15. Hurst, P. ‘Aid and Educational Development: Rhetoric and Reality’.Comparative Education. 17 (1981a), No. 2, pp. 117–125.Google Scholar
  16. Hurst, P. ‘Some Issues in Improving the Quality of Education’.Comparative Education. 17 (1981b), No. 2, pp. 183–193.Google Scholar
  17. Hurst, P. ‘Key Issues in the External Financing of Education’.Prospects. 13 (1983), No. 4, pp. 429–438.Google Scholar
  18. Jencks, C.et al. Inequality. New York: Basic, 1972.Google Scholar
  19. Khoî, L.T. ‘Aid to Education — Co-operation or Domination?’Prospects. 6 (1976), No. 4, pp. 583–594.Google Scholar
  20. Kim, H.-K. ‘Lenders, Borrowers and Educational Development’.Prospects. 13 (1983), No. 4, pp. 439–447.Google Scholar
  21. Krueger, A.O. ‘Aid in Development Process’.The World Bank Research Observer. 1 (1986), No. 1, pp. 57–58.Google Scholar
  22. MacBean, A.I. and Balasubramanyam, V.N.Meeting the Third World Challenge. 2nd Edition. London: Macmillan, 1978.Google Scholar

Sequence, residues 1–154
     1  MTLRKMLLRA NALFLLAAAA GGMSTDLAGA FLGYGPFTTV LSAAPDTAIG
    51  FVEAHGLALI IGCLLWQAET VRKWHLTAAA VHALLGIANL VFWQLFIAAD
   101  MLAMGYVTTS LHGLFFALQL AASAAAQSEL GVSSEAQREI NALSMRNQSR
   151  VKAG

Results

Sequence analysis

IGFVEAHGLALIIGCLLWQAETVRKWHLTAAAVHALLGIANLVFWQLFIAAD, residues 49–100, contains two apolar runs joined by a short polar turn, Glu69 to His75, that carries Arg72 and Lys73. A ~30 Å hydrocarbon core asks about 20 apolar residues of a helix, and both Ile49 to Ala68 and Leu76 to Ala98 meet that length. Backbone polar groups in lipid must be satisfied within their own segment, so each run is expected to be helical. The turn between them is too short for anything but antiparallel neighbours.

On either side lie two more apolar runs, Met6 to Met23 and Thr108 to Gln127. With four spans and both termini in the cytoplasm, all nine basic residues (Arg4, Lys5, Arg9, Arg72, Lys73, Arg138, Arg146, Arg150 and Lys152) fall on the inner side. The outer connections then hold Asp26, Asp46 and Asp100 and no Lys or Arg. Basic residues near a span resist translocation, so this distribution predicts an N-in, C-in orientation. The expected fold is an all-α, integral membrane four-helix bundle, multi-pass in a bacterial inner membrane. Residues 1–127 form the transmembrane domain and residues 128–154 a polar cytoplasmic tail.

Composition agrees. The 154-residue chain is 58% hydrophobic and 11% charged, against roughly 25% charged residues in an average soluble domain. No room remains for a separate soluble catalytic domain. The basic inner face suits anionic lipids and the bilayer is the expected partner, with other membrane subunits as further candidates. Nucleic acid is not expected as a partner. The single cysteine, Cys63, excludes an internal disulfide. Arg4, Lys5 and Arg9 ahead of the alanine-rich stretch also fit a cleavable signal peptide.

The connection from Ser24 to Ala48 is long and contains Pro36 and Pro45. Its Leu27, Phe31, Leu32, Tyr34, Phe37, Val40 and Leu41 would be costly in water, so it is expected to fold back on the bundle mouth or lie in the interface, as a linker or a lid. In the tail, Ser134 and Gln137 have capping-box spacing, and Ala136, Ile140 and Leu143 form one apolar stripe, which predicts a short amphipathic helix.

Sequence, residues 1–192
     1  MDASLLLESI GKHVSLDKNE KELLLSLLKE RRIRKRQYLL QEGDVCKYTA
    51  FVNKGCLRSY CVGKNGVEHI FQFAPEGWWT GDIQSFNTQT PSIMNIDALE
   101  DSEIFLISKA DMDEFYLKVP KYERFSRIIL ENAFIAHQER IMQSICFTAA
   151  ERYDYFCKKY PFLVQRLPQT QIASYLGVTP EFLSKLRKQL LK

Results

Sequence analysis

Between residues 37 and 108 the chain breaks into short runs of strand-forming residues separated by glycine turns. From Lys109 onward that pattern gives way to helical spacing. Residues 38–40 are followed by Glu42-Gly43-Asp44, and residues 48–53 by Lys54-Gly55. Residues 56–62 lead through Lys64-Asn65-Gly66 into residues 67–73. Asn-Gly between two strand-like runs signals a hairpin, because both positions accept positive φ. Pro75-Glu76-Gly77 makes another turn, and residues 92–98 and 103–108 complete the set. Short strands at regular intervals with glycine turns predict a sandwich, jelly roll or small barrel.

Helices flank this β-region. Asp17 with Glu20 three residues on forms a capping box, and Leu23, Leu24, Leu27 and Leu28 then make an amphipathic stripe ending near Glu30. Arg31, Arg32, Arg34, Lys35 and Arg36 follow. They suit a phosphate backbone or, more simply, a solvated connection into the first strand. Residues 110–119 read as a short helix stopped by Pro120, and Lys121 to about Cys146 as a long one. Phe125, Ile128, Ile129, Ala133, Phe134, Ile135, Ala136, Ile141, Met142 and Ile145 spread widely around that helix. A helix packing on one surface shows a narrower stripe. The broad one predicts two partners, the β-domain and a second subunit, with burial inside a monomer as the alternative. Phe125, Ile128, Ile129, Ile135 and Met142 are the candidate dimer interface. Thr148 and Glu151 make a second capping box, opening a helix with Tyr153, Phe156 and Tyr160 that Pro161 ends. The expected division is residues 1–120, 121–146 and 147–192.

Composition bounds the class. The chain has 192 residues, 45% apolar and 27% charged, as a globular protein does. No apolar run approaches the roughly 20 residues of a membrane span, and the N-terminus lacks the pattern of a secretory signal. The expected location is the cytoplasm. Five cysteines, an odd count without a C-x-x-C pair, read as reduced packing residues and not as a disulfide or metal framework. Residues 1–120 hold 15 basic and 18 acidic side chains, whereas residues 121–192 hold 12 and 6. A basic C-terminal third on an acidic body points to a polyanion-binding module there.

23. Marin, A. and Psacharopoulos, G. ‘Schooling and Income Distribution’.Review of Economics and Statistics. 58 (1976), No. 3, pp. 332–338.Google Scholar
  24. Mende, T. ‘Aid in its Context’.Prospects. 4 (1974), No. 2, pp. 198–204.Google Scholar
  25. Mincer, J.Schooling, Experience and Earnings. New York: NBER, 1974.Google Scholar
  26. Myrdal, G. and Seers, D. ‘Where Has All the Aid Gone?’Express Magazine. (August 1, 1982); [originally appeared in theGuardian].Google Scholar
  27. Noor, A. ‘Education Lending for the Poor’.Finance and Development. 6 (1979), No. 2, pp. 16–19.Google Scholar
  28. Noor, A. ‘Education and Basic Needs’.Staff Working Paper No. 450. Washington, DC: World Bank, 1981.Google Scholar
  29. Padmanabhan, C.B. and Tilak, J.B.G. ‘External Financing of Education’. New Delhi: National Institute of Educational Planning and Administration, 1986 (mimeo).Google Scholar
  30. Pearson, L.R.Partners in Development: Report of the Commission on International Development. London: Pall Mall, 1969.Google Scholar
  31. Phillips, H.M.Educational Cooperation between Developed and Developing Countries. New York: Praeger, 1976.Google Scholar
  32. Phillips, H.M. ‘Criteria and Methods of Generating Education Cooperation Projects for External Funding’.Comparative Education. 17 (1981), No. 2, pp. 195–205.Google Scholar